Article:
But Thurston, who said he interned for Hastings early in his career, contends that he is best suited to carry forward Hastings’s legacy in Washington, D.C., even as Holness claims to have earned an endorsement from the congressman before he passed away. “I’m often asked about the big shoes that we have to fill, and with my leadership in the past, I often tell people I will be able to stand on Congressman Hastings’s shoulder, so I should do an even better job than the Congressman.”
On Israel, however, he acknowledged that Hastings was “the champion in the league.”
“He’s been the number one advocate of a strong U.S.-Israel relationship, and I would hope to continue that,” said Thurston. He has never visited Israel but said he intends to go. “Certainly, I would do everything I can to continue it.”
Thurston said he helped foster a close working relationship between the Black and Jewish caucuses during his time in the House, an effort he hopes to advance if he is elected. “When I see the antisemitism that’s going on in the country,” he elaborated, “I’m certainly reminded of the marches up there in Virginia, where they were talking about anti-Jewish, anti-Black rhetoric, and it just shows me that we need to stay together and work together.”
Thurston, a former criminal defense attorney, believes that prosecutors need to “ramp up the enforcement of hate crimes,” but argues more broadly in favor of using the bully pulpit to address rising incidents of bigotry. “Wherever the hate is occurring we’ve got to call it out for what it is,” he said. “That’s why it’s good for our communities to stick together, especially like communities with like problems.”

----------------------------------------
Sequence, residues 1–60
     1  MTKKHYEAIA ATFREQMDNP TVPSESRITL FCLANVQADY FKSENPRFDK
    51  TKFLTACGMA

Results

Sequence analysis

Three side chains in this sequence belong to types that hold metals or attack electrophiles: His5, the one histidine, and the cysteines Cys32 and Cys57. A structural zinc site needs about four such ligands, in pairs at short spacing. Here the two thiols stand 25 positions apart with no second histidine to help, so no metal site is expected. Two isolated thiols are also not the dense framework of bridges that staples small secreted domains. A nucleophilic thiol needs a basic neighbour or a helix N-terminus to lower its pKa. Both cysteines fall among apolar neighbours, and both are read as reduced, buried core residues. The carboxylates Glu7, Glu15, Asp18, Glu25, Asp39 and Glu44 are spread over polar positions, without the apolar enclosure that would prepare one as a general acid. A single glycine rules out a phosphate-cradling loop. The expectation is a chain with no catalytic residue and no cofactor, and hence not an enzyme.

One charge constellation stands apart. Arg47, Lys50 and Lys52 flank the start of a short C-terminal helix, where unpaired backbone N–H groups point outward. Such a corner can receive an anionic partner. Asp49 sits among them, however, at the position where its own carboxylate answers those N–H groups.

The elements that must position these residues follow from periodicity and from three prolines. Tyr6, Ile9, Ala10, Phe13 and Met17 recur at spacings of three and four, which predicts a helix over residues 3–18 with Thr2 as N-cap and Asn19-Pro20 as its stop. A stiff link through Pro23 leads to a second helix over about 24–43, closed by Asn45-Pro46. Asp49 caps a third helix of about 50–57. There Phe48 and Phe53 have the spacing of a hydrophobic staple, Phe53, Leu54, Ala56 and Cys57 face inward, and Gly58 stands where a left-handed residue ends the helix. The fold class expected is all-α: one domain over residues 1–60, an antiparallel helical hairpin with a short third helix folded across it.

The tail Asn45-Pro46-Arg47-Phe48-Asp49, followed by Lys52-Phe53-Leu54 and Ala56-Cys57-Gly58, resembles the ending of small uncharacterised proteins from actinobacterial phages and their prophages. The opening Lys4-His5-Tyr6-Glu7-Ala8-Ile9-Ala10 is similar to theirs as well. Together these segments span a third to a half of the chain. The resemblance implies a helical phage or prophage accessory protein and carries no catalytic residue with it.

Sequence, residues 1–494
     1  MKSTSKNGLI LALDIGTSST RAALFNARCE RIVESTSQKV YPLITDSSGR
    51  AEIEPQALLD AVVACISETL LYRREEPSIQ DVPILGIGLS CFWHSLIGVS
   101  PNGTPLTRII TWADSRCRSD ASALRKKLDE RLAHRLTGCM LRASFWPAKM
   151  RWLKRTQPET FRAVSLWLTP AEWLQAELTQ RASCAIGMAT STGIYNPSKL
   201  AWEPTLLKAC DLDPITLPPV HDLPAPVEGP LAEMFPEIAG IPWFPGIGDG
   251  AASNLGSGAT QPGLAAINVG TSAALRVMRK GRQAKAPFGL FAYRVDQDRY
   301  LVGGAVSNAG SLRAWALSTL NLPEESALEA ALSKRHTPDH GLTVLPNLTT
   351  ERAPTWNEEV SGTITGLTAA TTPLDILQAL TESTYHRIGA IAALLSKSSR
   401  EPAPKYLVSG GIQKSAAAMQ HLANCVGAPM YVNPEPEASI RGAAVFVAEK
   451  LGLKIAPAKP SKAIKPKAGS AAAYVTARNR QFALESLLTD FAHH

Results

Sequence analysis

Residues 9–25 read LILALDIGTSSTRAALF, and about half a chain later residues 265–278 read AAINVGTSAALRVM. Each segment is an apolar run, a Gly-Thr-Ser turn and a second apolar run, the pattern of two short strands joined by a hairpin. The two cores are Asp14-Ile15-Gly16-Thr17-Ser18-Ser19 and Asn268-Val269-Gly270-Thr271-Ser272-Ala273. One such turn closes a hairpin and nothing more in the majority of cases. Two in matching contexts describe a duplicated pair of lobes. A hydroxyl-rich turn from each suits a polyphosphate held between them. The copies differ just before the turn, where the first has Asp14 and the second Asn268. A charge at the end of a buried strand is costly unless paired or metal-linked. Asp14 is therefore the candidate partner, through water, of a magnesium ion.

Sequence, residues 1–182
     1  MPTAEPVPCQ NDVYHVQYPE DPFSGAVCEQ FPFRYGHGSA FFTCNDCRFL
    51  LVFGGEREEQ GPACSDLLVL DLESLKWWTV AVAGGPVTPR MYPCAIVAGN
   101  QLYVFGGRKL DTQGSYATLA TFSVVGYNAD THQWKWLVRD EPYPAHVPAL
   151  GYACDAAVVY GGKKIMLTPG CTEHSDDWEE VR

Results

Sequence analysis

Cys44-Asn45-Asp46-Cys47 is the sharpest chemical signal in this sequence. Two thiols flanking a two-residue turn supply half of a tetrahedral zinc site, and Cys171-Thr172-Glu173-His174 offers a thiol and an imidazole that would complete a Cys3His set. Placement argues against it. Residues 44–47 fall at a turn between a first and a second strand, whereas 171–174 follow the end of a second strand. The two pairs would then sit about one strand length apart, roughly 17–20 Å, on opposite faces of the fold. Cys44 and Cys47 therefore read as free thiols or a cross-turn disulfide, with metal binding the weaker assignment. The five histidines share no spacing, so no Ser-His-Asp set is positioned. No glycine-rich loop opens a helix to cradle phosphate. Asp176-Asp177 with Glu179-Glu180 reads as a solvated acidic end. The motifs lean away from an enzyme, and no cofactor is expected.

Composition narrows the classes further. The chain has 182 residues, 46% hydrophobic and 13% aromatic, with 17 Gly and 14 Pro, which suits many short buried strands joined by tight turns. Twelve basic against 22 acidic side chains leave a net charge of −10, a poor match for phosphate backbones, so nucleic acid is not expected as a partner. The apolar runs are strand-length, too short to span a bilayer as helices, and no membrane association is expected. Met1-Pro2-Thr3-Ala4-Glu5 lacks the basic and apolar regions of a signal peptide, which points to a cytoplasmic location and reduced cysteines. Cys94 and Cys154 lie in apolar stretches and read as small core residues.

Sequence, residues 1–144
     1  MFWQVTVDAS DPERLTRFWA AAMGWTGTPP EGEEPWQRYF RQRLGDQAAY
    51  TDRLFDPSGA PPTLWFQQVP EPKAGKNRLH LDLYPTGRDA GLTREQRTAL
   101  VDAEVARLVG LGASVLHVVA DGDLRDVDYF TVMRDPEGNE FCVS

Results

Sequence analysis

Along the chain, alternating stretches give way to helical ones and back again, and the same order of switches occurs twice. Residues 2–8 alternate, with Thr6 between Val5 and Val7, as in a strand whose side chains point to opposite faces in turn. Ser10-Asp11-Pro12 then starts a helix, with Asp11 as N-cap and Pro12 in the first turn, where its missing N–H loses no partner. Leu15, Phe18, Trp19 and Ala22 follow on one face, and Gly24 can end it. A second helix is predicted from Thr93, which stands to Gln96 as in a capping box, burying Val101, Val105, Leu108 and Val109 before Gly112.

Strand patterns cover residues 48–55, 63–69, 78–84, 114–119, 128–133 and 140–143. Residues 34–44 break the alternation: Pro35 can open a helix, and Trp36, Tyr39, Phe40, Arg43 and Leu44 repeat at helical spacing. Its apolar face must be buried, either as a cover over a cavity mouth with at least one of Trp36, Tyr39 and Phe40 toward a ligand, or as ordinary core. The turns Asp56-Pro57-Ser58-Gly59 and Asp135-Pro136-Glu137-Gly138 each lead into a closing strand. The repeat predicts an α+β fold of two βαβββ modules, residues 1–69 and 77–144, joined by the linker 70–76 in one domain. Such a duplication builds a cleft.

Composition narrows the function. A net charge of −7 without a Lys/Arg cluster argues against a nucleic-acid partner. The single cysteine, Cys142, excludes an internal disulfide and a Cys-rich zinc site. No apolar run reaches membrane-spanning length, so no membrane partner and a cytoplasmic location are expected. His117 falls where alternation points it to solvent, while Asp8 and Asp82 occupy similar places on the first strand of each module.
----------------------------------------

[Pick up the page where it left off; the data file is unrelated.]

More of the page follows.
Thurston began his career in civil service working in the Broward County public defender’s office. He was a state representative from 2006 to 2014, where he established himself as a vocal advocate of Medicaid expansion, before being elected to the Senate.
He served as House minority leader between 2012 and 2014 and ran unsuccessfully for attorney general of Florida in 2014. Thurston has served in the Senate since 2016, a period he described as particularly treacherous for Democrats as they have battled with Republicans over issues like health care and voting rights.
“Our politics are divided like they are on a national level, and quite frankly, I think that I’ve been able to get a lot accomplished notwithstanding being in the minority party in the House and the Senate,” he said. “I think that type of leadership is missing when I see people like my good friend Congressman Hastings passing away.”